Code Organization - Part One

So you’ve dabbled a bit with Go, and you’re ready to create your first package. A few questions may arise like where should my code live? How should it be structured? What about incorporating third party packages? I spent a long time playing with different structures and workflows, so let’s walk through some options and how I learned to better structure and organize my code.


So the first thing we need to understand is the concept of a workspace. By design, Go code is kept in a structured workspace. A workspace is simply a directory containing three directories named bin, pkg, and src.

Creating a new workspace

Let’s create this structure in our home directory with the root of the workspace called gocode, but this can be any name and in any place you like.

$ cd ~                                    # Go to our home directory.
$ mkdir -p gocode/{'bin','pkg','src'}     # Create our workspace structure.

Awesome, we now have a workspace structure setup. Next we need to tell Go where our workspace is. This is done through the $GOPATH environment variable. If you followed my previous post, you will have your $GOPATH setup already. If not, you need to set the environment variable like so:

$ export GOPATH=$HOME/gocode

Thats it. Your Go workspace is complete and ready to be used. If you added the export line above to your .bashrc or .profile, be sure to reload your profile so it takes effect.

For more information about workspaces, see the official documentation here.

Dependency management

Here’s where things get interesting. When I first started learning Go, the vast majority of my knowledge was in Python. Anyone that has done development in Python knows about virtualenv. Virtualenv was a package you installed globally on your system. When you wanted to start a new project you followed a pattern like this:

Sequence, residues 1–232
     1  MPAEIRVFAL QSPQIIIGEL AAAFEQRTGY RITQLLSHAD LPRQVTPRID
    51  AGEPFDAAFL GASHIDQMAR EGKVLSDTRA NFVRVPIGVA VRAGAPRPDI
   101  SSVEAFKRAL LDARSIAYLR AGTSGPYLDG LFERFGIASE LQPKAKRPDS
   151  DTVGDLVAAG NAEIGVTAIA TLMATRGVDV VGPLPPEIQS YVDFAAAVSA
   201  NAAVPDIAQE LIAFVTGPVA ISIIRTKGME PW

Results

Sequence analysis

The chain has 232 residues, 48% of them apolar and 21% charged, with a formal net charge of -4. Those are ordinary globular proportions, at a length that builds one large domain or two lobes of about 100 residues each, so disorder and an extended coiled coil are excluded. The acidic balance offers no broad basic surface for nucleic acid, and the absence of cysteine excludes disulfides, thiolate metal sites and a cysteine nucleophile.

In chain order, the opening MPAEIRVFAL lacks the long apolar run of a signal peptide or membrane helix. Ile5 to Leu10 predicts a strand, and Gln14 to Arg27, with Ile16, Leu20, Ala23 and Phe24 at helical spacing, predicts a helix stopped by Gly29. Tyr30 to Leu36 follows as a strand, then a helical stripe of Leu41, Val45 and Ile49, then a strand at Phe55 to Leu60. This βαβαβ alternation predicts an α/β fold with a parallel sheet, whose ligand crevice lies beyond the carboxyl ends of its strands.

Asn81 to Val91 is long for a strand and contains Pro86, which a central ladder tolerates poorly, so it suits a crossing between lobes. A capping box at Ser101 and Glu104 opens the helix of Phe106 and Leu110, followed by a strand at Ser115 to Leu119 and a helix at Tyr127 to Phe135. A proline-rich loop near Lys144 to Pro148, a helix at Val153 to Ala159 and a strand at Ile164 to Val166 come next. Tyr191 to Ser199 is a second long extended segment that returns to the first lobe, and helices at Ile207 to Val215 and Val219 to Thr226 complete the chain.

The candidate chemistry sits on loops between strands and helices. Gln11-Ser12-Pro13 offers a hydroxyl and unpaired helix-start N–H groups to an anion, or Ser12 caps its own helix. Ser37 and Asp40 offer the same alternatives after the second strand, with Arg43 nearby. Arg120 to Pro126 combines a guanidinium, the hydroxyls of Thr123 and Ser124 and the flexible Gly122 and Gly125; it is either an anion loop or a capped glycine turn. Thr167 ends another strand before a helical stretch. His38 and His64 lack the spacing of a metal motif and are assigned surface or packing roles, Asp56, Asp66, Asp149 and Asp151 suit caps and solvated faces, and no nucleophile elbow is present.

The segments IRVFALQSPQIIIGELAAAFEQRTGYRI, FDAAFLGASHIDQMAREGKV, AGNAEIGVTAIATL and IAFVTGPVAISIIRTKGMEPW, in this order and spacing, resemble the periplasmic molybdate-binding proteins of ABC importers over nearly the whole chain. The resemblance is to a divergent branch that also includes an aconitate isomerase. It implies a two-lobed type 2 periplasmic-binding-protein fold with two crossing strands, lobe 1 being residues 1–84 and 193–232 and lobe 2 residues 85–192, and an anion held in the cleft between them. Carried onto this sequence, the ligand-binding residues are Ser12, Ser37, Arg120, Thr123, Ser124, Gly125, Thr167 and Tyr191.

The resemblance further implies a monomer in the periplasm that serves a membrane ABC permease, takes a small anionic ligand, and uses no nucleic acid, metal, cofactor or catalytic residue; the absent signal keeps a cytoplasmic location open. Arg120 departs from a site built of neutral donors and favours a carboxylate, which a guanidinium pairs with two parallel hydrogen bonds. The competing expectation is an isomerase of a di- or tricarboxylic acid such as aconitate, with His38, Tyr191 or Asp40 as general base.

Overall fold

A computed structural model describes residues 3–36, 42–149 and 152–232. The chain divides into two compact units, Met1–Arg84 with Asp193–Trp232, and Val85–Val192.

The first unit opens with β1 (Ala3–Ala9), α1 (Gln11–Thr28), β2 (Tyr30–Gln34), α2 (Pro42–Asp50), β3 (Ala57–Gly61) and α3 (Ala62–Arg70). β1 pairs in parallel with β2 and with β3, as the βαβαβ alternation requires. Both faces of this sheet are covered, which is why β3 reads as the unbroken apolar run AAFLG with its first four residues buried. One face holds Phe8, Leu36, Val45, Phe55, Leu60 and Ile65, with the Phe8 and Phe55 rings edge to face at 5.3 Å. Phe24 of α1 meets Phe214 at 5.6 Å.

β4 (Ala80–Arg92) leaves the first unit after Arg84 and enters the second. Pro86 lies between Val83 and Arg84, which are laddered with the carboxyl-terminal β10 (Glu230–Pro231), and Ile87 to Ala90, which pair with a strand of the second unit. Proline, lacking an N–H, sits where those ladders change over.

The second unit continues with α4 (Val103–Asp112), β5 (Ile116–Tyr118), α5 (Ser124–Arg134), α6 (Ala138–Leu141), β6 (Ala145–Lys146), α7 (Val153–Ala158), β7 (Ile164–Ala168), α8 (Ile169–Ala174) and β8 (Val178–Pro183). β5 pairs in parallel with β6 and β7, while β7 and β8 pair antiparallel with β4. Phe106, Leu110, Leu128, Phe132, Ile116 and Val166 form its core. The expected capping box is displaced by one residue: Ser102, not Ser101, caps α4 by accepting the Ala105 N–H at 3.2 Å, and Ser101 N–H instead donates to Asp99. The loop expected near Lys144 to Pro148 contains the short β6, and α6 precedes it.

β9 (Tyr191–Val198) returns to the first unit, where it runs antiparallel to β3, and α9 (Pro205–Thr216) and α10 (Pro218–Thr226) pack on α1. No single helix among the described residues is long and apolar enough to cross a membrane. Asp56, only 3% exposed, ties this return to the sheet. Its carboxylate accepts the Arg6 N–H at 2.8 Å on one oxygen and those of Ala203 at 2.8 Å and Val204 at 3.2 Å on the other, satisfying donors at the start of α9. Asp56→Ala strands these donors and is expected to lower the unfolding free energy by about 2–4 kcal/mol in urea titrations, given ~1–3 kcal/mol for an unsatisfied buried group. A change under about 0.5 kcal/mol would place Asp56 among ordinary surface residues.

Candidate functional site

$ cd ~/path/to/projects/        # Go to your projects directory.
$ mkdir new_super_project       # Create new project directory.
$ cd new_super_project          # Jump into new directory.
$ virtualenv ./                 # Make this directory a virtual Python environment.
$ source bin/activate           # This runs a bash script that modifies a few environment variables.

After you created and activated your virtual environment, you have a self-contained Python environment. You can pip install packages or setup your project however you like with out worrying about your other projects. This is very important when dealing with third party packages. You could have two projects running Django but one is running an older 1.5.3 version and your new project requires 1.6.5. If both projects shared the same Python environment, one would overwrite the Django package breaking the the other project. Separate virtual environments prevent this from happening.

Alternative workspaces

I always thought virtualenv was a cool way to separate your projects and it’s dependencies. So my natural thought was, can I do this in Go? Turns out the answer is yes! So I borrowed the bin/activate bash script and made some tweaks for Go. Checkout the gist here.

My Go workflow then looked like this:

$ cd ~/path/to/projects/            # Go to your projects directory.
$ mkdir new_super_go_project        # Create new project directory.
$ cd new_super_go_project           # Jump into new directory.
$ source ~/scripts/   # This updated my $GOPATH environment variable to this directory.
$ mkdir -p {'bin','pkg','src'}      # Manually create my Go workspace.